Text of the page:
In a further appeal to the Fourth Circuit after the Supreme Court's remand in Gwaltney I, the Fourth Circuit reached the same conclusion as the Eleventh Circuit. See Chesapeake Bay Found., Inc. v. Gwaltney of Smithfield, Ltd., 890 F.2d 690, 696-97 (4th Cir. 1989) (Gwaltney III).1 In its analysis, the Fourth Circuit focused on the "structure" of the Act, starting with the premise that "civil penalties attach as of the date a . . . violation occurs." Id. at 696. From this premise, the court reasoned that when the Supreme Court concluded in Gwaltney I that the Act "permits citizens' actions against polluters while there are ongoing violations, the Court effectively approved the assessment of penalties based on past violations" because these were "the only possible basis for assessing a penalty." Id. at 696-97. Of course, because federal courts lack jurisdiction over citizen suits for "wholly past" violations, the court indicated that civil penalties could be recovered only for those "past violations that were part of or which contiguously preceded the ongoing violations." Id. at 697.
We find these decisions persuasive. A rule requiring dismissal of a citizen suit in its entirety based on a defendant's post-complaint compliance appears to conflict with the language of the Act. Under such a rule, a penalty suit would always become moot and a defendant would escape all liability if it could show, at any time before judgment, "that the allegedly wrongful behavior could not reasonably be expected to recur." Gwaltney I, 484 U.S. at 66. Yet, as the Fourth Circuit noted in Gwaltney III, § 1319(d) of the Act provides that any person who violates effluent limitations or permit conditions "shall be subject to a civil penalty." 890 F.2d at 697. Allowing a discharger to escape all liability by virtue of its post-complaint compliance cannot be squared with this mandatory language.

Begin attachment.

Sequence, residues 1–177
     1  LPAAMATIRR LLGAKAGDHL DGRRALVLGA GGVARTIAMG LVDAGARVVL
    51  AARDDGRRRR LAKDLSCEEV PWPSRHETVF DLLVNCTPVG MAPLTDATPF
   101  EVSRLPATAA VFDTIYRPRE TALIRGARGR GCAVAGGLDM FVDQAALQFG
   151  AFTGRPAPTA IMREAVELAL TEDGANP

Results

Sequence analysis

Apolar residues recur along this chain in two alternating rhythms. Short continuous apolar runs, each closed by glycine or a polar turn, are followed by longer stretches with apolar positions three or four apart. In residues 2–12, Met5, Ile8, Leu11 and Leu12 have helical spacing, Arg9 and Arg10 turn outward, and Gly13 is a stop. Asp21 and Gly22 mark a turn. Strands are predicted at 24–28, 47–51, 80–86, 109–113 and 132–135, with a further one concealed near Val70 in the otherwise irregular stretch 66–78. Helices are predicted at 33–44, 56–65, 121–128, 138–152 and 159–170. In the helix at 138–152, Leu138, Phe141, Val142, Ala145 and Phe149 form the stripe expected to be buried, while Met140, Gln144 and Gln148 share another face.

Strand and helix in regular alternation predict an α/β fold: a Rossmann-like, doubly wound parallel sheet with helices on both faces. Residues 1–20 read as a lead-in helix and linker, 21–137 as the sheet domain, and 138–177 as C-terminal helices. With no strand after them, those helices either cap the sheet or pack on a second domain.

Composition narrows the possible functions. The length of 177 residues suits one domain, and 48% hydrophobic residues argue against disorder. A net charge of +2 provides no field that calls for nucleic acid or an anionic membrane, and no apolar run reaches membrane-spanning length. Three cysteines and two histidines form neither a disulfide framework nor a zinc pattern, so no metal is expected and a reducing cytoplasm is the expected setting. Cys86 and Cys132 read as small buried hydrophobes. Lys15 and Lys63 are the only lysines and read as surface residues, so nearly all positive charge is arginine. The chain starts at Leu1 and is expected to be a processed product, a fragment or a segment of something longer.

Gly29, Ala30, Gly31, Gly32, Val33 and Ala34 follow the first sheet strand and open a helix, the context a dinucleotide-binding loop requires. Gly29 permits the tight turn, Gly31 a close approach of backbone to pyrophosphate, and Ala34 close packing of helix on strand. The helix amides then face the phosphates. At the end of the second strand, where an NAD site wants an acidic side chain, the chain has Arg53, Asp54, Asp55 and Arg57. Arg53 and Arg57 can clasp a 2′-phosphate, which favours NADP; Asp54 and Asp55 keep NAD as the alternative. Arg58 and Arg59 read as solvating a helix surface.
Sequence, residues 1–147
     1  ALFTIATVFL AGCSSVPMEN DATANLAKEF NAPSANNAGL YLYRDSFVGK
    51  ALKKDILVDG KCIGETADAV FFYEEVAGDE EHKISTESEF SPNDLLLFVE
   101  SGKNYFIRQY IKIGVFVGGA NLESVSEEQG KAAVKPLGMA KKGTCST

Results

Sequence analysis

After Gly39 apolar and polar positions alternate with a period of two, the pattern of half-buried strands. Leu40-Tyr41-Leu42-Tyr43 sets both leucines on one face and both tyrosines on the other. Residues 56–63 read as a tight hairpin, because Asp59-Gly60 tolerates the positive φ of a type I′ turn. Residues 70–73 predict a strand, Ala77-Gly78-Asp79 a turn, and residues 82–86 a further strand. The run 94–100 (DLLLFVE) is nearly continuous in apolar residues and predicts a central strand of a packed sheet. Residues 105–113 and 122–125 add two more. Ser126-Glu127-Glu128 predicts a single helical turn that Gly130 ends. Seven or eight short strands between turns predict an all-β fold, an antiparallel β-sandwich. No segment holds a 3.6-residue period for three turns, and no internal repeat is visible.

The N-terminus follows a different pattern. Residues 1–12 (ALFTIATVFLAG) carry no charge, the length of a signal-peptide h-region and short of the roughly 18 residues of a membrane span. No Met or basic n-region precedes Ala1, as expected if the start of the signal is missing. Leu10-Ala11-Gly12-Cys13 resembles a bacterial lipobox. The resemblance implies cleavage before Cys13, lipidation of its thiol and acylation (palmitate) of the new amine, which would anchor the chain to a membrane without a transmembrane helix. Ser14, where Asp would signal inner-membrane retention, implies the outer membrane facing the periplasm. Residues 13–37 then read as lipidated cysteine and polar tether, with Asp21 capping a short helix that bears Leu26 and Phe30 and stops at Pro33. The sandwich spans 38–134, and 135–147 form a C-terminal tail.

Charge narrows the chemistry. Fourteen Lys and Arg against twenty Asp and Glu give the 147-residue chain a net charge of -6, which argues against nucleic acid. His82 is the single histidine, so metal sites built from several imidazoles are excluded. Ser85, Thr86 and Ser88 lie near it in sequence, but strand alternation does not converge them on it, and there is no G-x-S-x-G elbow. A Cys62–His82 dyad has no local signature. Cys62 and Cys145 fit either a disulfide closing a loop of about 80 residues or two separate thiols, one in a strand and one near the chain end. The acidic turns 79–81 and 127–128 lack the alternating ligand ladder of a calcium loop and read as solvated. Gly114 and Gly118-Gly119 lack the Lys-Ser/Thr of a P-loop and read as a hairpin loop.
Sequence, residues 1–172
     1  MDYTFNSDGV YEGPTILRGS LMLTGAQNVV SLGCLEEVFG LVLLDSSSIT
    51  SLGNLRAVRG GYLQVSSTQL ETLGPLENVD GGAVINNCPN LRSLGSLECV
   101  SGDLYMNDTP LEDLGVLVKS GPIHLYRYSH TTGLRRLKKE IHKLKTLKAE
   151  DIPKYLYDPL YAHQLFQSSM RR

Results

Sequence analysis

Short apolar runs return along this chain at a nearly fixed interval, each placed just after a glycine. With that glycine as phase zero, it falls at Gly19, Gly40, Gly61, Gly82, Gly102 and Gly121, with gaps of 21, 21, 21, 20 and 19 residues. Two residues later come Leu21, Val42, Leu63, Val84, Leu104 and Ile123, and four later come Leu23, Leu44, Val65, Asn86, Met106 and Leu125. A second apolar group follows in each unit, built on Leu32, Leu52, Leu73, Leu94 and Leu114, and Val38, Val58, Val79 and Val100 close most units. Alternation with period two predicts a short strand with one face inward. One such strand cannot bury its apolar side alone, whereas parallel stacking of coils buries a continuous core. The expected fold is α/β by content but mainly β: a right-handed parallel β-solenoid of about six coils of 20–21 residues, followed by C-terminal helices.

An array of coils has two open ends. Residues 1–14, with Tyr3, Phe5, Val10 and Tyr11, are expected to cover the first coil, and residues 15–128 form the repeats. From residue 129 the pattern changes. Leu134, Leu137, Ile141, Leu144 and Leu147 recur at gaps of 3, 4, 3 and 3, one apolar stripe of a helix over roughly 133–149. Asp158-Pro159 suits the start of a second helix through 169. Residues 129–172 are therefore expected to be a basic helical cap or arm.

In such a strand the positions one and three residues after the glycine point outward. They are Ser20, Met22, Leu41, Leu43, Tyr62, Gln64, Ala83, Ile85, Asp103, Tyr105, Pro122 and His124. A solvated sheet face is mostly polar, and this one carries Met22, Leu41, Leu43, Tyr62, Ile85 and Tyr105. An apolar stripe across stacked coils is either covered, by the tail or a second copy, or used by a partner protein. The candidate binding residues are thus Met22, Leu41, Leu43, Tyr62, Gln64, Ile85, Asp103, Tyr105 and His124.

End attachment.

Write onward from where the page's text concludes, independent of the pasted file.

In addition, we agree with the Eleventh Circuit's view in Tyson that mooting an entire suit based on post-complaint compliance would weaken the deterrent effect of the Act by diminishing the incentives for citizen plaintiffs to sue and by encouraging defendants to use dilatory tactics in litigation. Pan American suggests, however, that disallowing civil penalties when a defendant comes into compliance after a complaint is filed will not significantly diminish the incentive for citizens to bring suit because they can still recover attorney's fees. Pan American further suggests that because any penalties imposed go to the United States Treasury (Treasury) and not to the citizen plaintiff, the pursuit of these monies cannot provide an incentive. We disagree. Citizen plaintiffs often initiate suit not to recover monetary awards for their own benefit, but rather to ensure that penalties are imposed so as to deter future violations.